Photos Brian Losito (Air Canada)
Q: When a new aircraft is acquired, does it come with a warranty period similar to that of a new car? Jack Minacs, Markham, Ontario
An airplane’s “nose-to-tail” warranty is similar to a bumper-to-bumper car warranty in that most components are covered for a specified period, depending on the terms of the negotiated contract. Components such as engines, tires and brakes, which are all leased at Air Canada, come with their own warranties. But warranty or not, strict maintenance schedules based on hours flown and / or number of takeoffs and landings keep our aircraft in tip-top shape.
Q: Why do our ears get plugged upon descent, even though the cabin is pressurized? Christian-Marc Panneton, Québec
An aircraft’s cabin is pressurized to an equivalent of 6,000 to 8,000 feet above sea level at cruising altitude. As we descend, the cabin must depressurize – typically at 150 to 400 feet per minute compared to the aircraft’s descent rate of 1,500 to 2,000 feet per minute. For some passengers, the discomfort arises when the Eustachian tube, which equalizes the air pressure, is blocked. And if these tubes are tiny, as with babies, you’ll hear about it!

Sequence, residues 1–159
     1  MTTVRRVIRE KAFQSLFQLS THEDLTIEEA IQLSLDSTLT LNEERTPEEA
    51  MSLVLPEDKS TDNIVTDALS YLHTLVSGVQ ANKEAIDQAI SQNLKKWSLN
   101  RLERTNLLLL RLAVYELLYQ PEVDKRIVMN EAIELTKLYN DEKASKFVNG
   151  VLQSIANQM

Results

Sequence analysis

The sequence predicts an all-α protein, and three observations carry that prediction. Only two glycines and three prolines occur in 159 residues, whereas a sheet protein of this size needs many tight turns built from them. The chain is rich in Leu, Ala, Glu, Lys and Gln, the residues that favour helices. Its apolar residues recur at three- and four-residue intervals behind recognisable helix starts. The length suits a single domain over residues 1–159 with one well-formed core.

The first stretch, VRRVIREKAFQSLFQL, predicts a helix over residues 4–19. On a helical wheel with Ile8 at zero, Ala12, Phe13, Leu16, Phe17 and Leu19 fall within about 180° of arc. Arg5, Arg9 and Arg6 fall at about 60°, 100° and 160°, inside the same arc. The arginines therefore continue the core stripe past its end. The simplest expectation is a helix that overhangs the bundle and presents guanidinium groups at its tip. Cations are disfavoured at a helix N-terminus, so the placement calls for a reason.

Q: What are all those dings heard when flying? Andrew Axson, Guelph, Ontario
The most frequent ding you’ll hear is the seat belt sign coming on or off. On Airbus aircraft, you’ll also hear a ding when the landing gear tucks into the belly. Other dings are heard when flight attendants at different stations use the interphone to communicate with each other, when the flight deck calls a flight attendant and when passengers press the assist button. And you may even hear cooking timers dinging in the galley.